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  11. Andrewtfw

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    I think you are right (Frank), it was originally set up as a wetlands. It has a liner. They don't want me to drain it, just clean it up and get the filter working. Draining it would be easier.

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  12. Tony

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    When are you doing the work? If I'm free, I could swing by one day and give you a hand.
     
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    Too many chiefs?

    Why the opposition to draining? If someone has such strong opinion(s) about what it needs, maybe they should be the one(s) to fix it...Unless they give you "artistic license", I'd take a fly on it unless they can provide some reasoned limnological rationale for tying your hands.

    No experience with leeches, but sounds like a candidate for a complete system wipe. I's also be up for a Saturday morning jam session along with Tony if you tell me where and would like to see a picture.
     
  14. mscichlid

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    I would volunteer to help as well. I have school on Saturdays until 1:00pm. Sundays are open.

    I say drain that sucker anyway...

    I have yellow iris to donate.
     
  15. Leffler817

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    Cool Project! I would be that there is a slacker at the High School that you feed who is in desperate need of service learning hours. A pond/wetlands project like this should qualify as science learning hours. Talk to you schools guidance counselor who would be in more frequent contact with the counselor at your HS. Good Luck.
     
  16. Andrewtfw

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    I was planning on starting tomorrow after school. If you are interested in helping me, the school will be open on Saturday, the 28th for a flee market. I would love the help and CCA would be recognized in the school news letter. I haven't figured out how to upload pics from my phone to our site. I will post pics tonight from home.

    Sent from my DROIDX
     
  17. Andrewtfw

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    Pics of the pond

    Here are two close-ups of the pond that is in need of a lot of work.

    2012-04-17_16-37-18_953.jpg

    2012-04-17_16-37-09_381.jpg
     
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    Cool

    Yep, I'd forget the colander and bucket approach unless you need a protracted working meditation or feel a need for penance - a shovel or two (and perhaps a wheelbarrow) would make short work of it, not sure you need to move much if any rock (or silt very far for that matter), expect you could rehabilitate this in an afternoon with a little help.

    A couple wide shots that include the surrounding area and relationship to the building/other site features would be really helpful.

    Just be careful not to puncture the liner - any other potential errors will be largely subjective, but attempting to patch a wet liner in place definitely is not. I tend to favor the barefoot approach to such - you can feel if there are rocks under the liner threatening to poke through - but then I rarely ran afoul of leeches (see link).


    http://movieclips.com/nSsD3-the-african-queen-movie-filthy-leeches/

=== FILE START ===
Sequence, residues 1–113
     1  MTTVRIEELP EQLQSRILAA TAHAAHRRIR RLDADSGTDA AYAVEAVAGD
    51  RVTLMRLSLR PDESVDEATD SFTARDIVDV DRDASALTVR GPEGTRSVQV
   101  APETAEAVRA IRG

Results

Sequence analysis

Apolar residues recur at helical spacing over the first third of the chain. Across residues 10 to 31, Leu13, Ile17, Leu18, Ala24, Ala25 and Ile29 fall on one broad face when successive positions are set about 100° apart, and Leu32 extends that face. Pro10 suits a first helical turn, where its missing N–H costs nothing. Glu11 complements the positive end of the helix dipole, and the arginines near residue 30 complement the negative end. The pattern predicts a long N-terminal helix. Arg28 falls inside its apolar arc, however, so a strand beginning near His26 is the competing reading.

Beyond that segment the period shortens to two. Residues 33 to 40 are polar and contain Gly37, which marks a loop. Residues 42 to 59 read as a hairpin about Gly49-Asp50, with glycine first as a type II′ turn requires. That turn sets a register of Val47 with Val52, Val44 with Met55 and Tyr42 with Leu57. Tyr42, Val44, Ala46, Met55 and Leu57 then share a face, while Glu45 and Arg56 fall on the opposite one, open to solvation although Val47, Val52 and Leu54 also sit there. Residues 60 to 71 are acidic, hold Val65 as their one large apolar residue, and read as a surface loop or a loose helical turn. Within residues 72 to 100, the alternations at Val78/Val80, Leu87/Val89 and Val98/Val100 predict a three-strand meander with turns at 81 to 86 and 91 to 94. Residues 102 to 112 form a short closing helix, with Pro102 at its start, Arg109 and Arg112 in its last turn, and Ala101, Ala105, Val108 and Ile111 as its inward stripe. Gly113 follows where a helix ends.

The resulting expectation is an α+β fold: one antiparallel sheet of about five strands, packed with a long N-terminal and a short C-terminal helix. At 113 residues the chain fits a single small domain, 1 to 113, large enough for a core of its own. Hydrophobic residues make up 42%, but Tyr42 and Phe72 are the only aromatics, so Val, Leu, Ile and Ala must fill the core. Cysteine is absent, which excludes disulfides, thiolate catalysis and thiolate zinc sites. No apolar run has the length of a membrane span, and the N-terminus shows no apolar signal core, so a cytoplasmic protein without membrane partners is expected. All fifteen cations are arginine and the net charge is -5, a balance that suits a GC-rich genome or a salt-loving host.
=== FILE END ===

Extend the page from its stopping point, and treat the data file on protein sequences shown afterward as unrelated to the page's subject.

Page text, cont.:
19. Frank Cowherd

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    #19 Frank Cowherd, Apr 18, 2012
    Last edited: Apr 18, 2012
    I'd suggest you just get rid of about a third to half of the plants while making space for some open water deep enough for a few fish. If there is piping, concentrate on getting it open and back in working order along with the pump and filter if there is a filter. I agree with Sam that puncturing the lining is the last thing you want to do and with that in mind the shovels are out. You probably will have to use a knife to cut through the roots and then grabbing a hand full of the cut out roots, toss it into a wheel barrow or trash can. You can make an effect scoop out of a gallon milk jug. Leave the handle intact and the top in place while using scissors to cult out a large hole so you end up with what looks like a scoop and which works well for removing the last bits of water and debris from a lined pond. I like the idea of putting the pump and pump intake inside a burlap bag though I think that will mean you will have to change bags or clean the bag once a month. Most pond pumps come with a plastic screen or sponge with large holes to prevent the pump from sucking up stuff it should not. Without such the pump will get plugged with leaves or algae or whatever falls into the pond. Pond stores likely offer other things like bag nets to put around the pump and intake. For my pumps I used an intake made of 2 or 3 inch PVC about 18 inches long with end caps. I drilled about 40 3/8 inch holes in the pipe to let water in and keep all else out. Works but does have to be cleaned whenever the flow back to the pond from the filter slows to a trickle. You can also make a prefilter of a 5 gallon bucket with lid by putting holes in it and the pump inside with another hole for the hose that serves as the out flow from the pump.
     
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    Really?

    No shovels but knives and scissors are OK? Each to his own Sir, but I'd trust my hands round a shovel handle before I'd go plunging about at roots with a knife. Fact is that the plant roots can't penetrate the liner so while there may likely be a root mat, the whole thing should separate/peel away from the liner with sufficient exertion, at which point a knife could be very useful to "thin the herd".

    As for the burlap bag, it doesn't replace the intake screen and/or sponge (it would collapse from the suction), it goes around them on the outside and delays them from getting clogged up as they invariably do no matter how elaborate, and makes cleaning a snap (untie the bag and reverse it underwater so the leaves etc. stay inside the bag when you pull it out - much like reaching your hand into the bag to grasp a snake or other biting creature by the neck through the bag and then pulling it into and your hand out of the bag from opposite sides at the same time).

    As the esteemed Mr Cowherd points out, right to focus on freeing the pump and getting it operational or replaced - absent that all will be in vain. The liners are pretty tough (we used to use rolls of roofing liner - about twice as thick and at least half as expensive) but even with conventional over-priced comparatively flimsy pond liner so long as you're careful you should be OK.